In the 2018 midterm elections, Republicans lost support in agricultural counties that suffered from retaliatory tariffs in President Donald Trump’s trade wars.
Since then, the Trump administration has doled out a record amount in bailouts to farmers to offset losses brought on by trade disruptions and the pandemic. Recent polls would suggest that these subsidies might be paying off, as the president’s support among farmers has reportedly surged back.
All along the campaign trail, Trump has bragged about the bailouts his administration has sent to farmers. In this year alone, researchers estimate the United States Department of Agriculture will distribute $46 billion to farmers. In 2019, the Trump administration paid $14.4 billion to farmers suffering from the president’s trade wars. These payments largely favored larger farms in the Midwest and the South in what observers say were attempts to shore up Trump’s rural base.
“Had the president not found some way to make up at least part of the loss that the trade war caused, I think the support would be much more in jeopardy,” says Ken Cook, the president of the Environmental Working Group, an organization that runs a database tracking all farm subsidies that have been distributed since 1995.
Farmers overwhelmingly supported Trump in 2016, and researchers say that support will likely hold this year, in part thanks to these payments, and despite the continued rise in farm bankruptcies. A Farm Futures poll in July found that 75 percent of farmers intended to vote for Trump. This was a significant jump from a poll the company conducted in 2018, which found only 60 percent of farmers would commit to casting a ballot for the president. In a Farm Journal Pulse poll this summer, 82 percent of respondents said they would vote for Trump.
Wendong Zhang, an economics professor at Iowa State University, says this support is partly rooted in these bailout payments. He says farmers experiencing higher income loss are less likely to voice support for the president, but that total farm income has risen this year by $10 billion. This is in large part thanks to the subsidies, which make up 40 percent of total farm income.
“For the support of the agriculture community, the president will capture the vast majority of voters working in the industry,” says Zhang.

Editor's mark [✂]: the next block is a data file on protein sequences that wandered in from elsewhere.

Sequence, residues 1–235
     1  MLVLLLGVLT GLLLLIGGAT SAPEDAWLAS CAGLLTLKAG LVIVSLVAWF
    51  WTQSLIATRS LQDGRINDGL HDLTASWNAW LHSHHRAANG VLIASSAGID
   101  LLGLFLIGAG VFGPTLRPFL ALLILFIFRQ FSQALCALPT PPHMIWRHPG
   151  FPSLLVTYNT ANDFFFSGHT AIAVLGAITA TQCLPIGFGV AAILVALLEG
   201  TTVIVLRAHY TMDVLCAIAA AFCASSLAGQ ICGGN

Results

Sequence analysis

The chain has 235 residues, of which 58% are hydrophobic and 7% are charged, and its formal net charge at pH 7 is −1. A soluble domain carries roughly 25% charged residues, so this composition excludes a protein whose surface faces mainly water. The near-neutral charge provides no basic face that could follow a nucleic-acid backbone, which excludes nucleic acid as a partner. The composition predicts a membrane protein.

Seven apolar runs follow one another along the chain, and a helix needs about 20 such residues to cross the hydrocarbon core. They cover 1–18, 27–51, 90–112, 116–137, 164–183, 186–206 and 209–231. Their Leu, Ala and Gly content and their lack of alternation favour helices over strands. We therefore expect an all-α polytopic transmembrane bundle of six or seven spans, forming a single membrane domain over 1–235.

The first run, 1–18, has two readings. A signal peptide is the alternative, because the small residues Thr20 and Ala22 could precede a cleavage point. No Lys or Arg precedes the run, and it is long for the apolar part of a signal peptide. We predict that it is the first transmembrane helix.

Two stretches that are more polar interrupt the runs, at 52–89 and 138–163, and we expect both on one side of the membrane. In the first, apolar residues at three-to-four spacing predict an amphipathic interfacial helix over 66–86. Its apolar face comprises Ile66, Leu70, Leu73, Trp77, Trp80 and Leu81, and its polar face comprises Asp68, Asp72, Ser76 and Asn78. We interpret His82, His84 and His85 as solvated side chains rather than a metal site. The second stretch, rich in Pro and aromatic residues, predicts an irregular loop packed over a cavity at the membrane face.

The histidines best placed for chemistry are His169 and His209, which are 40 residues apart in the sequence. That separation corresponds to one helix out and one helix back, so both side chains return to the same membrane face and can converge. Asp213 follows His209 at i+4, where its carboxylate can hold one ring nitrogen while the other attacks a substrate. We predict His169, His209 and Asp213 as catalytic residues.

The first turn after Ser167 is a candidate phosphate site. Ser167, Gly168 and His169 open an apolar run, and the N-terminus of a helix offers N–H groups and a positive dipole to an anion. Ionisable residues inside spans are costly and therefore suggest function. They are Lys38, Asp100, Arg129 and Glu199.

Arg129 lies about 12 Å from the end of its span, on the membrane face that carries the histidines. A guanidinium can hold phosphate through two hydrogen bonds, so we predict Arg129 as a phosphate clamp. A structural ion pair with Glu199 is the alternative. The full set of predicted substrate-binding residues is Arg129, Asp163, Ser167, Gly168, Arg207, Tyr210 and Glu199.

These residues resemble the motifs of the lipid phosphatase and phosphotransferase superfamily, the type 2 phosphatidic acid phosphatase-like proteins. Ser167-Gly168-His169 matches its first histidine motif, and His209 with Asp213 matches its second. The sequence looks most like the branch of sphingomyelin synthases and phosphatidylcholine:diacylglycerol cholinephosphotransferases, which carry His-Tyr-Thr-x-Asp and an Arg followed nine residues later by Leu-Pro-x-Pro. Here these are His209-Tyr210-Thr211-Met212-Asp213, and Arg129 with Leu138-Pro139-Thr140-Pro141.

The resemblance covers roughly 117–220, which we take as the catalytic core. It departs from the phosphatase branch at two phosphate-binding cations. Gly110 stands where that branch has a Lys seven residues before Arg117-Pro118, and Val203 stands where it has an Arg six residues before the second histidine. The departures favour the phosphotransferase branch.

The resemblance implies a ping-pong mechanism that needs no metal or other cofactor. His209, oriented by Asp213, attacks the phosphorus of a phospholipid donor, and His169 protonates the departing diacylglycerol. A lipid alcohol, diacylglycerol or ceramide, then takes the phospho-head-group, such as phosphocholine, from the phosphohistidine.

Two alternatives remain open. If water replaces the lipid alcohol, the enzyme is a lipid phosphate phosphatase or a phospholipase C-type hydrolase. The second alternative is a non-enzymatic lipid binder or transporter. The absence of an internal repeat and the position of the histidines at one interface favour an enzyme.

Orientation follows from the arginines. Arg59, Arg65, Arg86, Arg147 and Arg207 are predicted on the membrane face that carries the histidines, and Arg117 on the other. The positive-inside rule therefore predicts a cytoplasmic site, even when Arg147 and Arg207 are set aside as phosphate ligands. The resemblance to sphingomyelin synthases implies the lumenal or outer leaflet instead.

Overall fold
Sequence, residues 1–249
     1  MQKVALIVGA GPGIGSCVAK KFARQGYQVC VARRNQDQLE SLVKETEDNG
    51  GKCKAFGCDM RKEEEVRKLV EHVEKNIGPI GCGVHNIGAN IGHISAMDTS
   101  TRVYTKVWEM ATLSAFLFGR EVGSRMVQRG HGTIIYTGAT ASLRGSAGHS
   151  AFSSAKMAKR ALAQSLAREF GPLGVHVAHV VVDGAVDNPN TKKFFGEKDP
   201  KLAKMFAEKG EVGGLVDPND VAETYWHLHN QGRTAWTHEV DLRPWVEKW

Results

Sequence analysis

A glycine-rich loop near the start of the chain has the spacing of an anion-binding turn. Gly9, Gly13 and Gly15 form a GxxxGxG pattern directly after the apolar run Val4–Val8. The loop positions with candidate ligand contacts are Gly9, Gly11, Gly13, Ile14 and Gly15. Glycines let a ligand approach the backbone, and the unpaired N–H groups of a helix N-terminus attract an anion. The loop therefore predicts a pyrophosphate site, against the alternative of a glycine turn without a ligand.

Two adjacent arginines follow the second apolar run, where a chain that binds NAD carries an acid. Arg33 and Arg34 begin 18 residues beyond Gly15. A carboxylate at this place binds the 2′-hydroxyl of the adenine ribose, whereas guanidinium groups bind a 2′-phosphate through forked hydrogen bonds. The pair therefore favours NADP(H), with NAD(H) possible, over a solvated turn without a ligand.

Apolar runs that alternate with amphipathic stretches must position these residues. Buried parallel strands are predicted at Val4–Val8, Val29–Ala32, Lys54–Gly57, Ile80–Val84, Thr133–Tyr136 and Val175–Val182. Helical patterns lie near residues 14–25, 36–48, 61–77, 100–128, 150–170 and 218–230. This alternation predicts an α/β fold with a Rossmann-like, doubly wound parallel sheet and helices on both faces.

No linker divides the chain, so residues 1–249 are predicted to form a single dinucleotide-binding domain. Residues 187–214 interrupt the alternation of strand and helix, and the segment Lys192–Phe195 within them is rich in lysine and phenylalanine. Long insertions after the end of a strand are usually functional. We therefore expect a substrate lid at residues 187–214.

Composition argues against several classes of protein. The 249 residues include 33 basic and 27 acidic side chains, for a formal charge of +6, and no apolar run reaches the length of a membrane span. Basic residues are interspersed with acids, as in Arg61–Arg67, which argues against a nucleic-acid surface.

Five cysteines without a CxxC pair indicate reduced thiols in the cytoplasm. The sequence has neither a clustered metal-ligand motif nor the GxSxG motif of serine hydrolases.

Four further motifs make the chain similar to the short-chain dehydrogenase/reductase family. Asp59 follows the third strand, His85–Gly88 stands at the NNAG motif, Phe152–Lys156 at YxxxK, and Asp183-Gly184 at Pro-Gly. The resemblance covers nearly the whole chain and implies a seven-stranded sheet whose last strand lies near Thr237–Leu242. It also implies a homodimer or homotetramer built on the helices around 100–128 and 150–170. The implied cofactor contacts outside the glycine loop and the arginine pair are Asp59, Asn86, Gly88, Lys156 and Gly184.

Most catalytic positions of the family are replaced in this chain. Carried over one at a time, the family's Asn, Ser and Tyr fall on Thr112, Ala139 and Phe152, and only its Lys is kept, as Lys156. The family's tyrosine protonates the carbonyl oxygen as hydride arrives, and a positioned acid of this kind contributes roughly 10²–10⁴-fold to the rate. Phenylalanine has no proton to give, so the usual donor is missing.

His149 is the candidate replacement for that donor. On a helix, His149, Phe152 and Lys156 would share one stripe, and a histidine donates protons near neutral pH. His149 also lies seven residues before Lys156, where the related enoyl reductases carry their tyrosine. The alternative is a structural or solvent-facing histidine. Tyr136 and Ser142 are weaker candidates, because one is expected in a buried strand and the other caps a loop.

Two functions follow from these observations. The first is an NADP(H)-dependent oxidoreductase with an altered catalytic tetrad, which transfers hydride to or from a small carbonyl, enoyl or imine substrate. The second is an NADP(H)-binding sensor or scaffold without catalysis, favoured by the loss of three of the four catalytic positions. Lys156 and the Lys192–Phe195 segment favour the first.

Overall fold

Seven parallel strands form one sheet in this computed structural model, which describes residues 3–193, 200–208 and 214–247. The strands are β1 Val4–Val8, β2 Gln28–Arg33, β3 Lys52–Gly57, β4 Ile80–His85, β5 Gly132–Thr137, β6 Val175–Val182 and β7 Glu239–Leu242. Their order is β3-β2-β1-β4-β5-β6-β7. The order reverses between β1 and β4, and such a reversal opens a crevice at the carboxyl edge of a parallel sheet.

Farmers, who are generally reliable Republican voters and free-market conservatives, have been willing to accept Trump’s bailouts, acknowledging that this year has been an anomaly and hoping his trade policies will work out. Grant Kimberley, an Iowa soybean and corn farmer, says farmers “prefer trade not aid,” but that the funding has been appreciated.
“Farmers know that we can’t have 40 percent of our income coming from [the] government,” says Kimberley, who serves as the director of market development for the Iowa Soybean Association. “That can’t be the case every single year. These are kind of unusual circumstances.”
Zhang’s research has shown that there is generally a belief among farmers that the losses from Trump’s trade wars will be short term and that his policies will make things better over time. Zhang says the farmers most likely to abandon Trump include dairy farmers and biofuel producers, as they have been hit hard during the pandemic and haven’t received as much in bailouts. Biofuel producers have also been at odds with the Trump administration’s policies concerning ethanol waivers for the oil industry. A potential loss of support among dairy farmers could be significant for Trump’s chances in Wisconsin, a state the president won in 2016 and in which he has been trailing former Vice President Joe Biden in recent polls.
Observers expect that the payments could secure turnout of Trump’s existing base in important states like Michigan, Pennsylvania and Ohio. But whether that support will be enough to tip the election in his favor is another question.